Yes. I started playing the piano, we had a lovely upright piano in the nursery, when I was about six or seven. I was just attracted to this piano, it was quite a famous make, called a Broadwood, and I'm sure there's still a Broadwood in London somewhere upon which Chopin played. It was a celebrated English make of piano. And so I used to go to this piano and play around, and do whatever I felt, so my parents said I had better have music lessons. So I had lessons from the time I was seven.
Were you interested in composing early on, or did you see yourself simply as a performer?
At that stage, I thought I was going to be a performer. But I loved playing around, so I suppose I was composing in a totally disorganized way! Soon, I was sent to what we called a Prep School, which is quite different from what you in the states call a Prep School. One went to a Prep School, which means a Preparatory School, where one went from about seven or eight years old till about 14. I went on from there onto a school -- well, it's all very peculiar, because in England we have what are called public schools which are really private schools. So I went to a one called Wellington College, which was very well known and still going strong, and was founded by Prince Albert. You know, Queen Victoria's husband. It was supposed to be for sons of military people -- Navy, Army and like that. My father, being a regular soldier, sent me there. It's funny, for while the training was like a military academy, they had a very strong artistic side. And it's always been my theory that the sons -- it was all boys, you know -- that the sons of soldiers rebelled against their background and wanted to do something different. So we had a very strong artistic side. I was greatly encouraged with my playing and composing. I should also add that I'm directly descended on my mother's side from Dr. Thomas Arne, who was a 17th Century composer, who wrote Rule Britannia. He wrote a lot of operas, too, and stage music. And I've always thought that if he were alive today, he would be a very busy and very popular film composer!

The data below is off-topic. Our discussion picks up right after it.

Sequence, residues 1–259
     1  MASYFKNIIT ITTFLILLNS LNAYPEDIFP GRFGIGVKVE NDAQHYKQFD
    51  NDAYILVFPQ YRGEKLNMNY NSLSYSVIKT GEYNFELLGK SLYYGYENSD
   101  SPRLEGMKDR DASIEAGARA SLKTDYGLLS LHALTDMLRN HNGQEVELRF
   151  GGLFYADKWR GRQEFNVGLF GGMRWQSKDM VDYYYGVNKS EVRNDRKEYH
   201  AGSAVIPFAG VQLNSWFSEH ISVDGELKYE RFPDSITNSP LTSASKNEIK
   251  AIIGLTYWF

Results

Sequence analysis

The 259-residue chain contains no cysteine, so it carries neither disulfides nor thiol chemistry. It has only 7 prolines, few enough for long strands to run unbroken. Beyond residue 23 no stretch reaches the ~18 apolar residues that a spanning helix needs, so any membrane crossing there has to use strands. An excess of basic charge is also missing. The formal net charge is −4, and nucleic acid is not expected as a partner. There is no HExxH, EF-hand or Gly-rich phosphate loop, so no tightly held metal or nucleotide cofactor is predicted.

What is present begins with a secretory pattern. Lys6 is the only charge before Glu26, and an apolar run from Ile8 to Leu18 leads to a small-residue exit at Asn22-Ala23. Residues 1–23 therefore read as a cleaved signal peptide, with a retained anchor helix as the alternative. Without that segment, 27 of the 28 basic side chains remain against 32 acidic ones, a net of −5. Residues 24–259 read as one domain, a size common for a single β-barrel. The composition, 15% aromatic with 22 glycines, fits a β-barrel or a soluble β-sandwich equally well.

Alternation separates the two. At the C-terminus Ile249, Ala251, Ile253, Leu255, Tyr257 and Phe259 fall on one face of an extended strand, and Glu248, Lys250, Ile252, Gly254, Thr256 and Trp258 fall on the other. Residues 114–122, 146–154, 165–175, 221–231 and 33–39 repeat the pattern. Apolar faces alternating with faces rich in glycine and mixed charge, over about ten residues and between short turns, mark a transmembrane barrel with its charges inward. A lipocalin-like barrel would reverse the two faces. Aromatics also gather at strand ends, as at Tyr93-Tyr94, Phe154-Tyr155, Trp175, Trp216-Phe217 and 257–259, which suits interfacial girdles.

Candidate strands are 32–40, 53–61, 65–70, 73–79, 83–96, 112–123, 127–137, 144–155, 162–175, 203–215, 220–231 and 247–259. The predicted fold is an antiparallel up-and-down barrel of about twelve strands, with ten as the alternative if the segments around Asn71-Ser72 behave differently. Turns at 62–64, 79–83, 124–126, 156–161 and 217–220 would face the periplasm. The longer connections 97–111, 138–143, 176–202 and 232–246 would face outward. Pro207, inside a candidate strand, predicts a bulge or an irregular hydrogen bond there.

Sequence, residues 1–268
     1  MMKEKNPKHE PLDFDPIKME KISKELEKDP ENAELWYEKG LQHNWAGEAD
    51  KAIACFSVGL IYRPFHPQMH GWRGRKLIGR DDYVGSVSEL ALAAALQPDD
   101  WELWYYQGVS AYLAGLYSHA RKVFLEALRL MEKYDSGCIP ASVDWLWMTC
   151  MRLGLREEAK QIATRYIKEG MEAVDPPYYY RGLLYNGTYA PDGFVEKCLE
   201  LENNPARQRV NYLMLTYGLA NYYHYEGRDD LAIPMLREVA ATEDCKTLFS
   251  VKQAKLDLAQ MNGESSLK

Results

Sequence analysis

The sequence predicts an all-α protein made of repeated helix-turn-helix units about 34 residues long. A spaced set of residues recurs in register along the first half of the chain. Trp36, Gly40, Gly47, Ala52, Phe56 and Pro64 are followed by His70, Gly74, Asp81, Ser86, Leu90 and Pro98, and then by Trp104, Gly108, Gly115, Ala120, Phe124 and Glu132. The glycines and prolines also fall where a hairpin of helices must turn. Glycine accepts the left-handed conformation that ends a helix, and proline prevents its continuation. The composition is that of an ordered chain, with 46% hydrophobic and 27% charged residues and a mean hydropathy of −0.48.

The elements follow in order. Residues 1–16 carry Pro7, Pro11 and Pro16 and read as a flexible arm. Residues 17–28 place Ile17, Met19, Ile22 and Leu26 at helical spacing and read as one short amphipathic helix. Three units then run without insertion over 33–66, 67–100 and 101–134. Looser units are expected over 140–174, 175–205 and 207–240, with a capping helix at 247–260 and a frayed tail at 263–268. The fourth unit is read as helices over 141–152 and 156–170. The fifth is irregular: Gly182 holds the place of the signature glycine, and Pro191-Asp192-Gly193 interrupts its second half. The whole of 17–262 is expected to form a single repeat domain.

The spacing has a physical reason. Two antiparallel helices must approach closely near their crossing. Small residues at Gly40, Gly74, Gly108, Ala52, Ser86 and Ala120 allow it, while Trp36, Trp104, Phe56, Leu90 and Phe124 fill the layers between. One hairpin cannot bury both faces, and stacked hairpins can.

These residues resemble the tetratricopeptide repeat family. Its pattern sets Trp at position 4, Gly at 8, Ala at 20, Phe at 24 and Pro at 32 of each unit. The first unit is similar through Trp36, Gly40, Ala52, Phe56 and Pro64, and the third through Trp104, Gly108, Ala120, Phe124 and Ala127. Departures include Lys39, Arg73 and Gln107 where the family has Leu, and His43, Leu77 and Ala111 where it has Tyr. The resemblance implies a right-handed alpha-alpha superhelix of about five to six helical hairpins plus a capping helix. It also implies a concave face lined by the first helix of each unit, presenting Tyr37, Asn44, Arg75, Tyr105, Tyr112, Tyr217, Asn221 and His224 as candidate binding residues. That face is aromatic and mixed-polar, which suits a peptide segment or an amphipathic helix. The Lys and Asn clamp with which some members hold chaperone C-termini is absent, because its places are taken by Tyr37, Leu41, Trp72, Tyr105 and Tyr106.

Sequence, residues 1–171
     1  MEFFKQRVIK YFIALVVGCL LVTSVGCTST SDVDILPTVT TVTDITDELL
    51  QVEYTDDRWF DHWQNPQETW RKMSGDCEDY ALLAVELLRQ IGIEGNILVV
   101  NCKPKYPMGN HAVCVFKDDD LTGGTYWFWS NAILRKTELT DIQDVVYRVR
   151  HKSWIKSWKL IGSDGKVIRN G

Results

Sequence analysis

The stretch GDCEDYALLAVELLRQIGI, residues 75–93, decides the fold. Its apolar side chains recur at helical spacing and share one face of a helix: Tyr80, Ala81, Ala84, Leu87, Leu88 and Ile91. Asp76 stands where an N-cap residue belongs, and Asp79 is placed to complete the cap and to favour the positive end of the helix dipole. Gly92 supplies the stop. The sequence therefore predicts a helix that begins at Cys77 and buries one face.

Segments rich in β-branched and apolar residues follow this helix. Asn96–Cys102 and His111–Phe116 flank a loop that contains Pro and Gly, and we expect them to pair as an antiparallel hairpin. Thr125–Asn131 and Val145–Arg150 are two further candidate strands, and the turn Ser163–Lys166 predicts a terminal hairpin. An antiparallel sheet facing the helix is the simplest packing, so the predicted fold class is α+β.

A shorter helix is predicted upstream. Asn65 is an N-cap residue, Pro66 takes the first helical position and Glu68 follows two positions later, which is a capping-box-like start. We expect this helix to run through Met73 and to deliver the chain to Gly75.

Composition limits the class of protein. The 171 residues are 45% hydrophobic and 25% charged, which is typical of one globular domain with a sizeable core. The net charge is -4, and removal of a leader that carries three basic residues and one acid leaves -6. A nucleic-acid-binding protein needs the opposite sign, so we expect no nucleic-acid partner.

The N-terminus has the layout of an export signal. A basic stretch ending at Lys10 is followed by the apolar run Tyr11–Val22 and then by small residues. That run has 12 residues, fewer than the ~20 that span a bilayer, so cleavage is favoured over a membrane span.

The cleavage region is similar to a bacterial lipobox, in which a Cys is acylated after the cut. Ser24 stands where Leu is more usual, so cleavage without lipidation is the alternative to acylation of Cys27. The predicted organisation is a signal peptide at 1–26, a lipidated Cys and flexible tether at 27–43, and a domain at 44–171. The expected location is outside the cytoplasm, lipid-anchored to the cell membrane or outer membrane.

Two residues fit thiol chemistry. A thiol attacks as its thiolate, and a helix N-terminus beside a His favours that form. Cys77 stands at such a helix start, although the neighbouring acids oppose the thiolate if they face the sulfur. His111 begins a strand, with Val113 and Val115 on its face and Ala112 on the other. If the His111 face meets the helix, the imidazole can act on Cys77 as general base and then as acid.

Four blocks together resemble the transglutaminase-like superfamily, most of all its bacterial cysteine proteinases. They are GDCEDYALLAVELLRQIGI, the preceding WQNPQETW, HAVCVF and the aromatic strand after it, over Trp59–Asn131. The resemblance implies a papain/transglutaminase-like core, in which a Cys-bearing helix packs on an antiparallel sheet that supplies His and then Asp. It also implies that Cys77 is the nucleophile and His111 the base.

How did you get from a career of straight composing and into films?
Well, let me go back. During my last term at Wellington, the composer Benjamin Britten was just writing his first great opera, Peter Grimes. Britten came to the school at the time, about 1943, because our Art Master was a man named Kenneth Greene, a celebrated theater designer. He wasn't in the armed forces, so he was teaching art at Wellington College. And Ben Britten, who I later worked for and became very friendly with, had written Grimes and wanted Greene to design sets for the first production of the opera.
I saw Grimes at the Met last year.
It's a wonderful opera, isn't it?
It is, but I prefer Billy Budd.
Well, I've just seen that again in London, and it's the one that I actually, personally worked on. So, when Ben Britten came to the school, he wanted to meet any boy who was considered musically bright. And I had already started composing little snippets, and such, so we met. I had shown him some bits I had written for an inter-house music competition, and he took a great interest in my work. He always used to call me Jim, instead of James or Jimmy, and he said just before I was going into the RAF in September 1943, "Jim, here's my address, keep in touch with me."
So I went to visit him in London, where he was living with Peter Pears, who was his great, life-long friend, and a celebrated singer. I became very friendly with them. At the time I was in Military Intelligence, which was all highly secret, but now has all been written about. A lot of that was covered in a recent book, which just came out to very good reviews, called Enigma, which is all about breaking of German and Japanese codes, and translating them.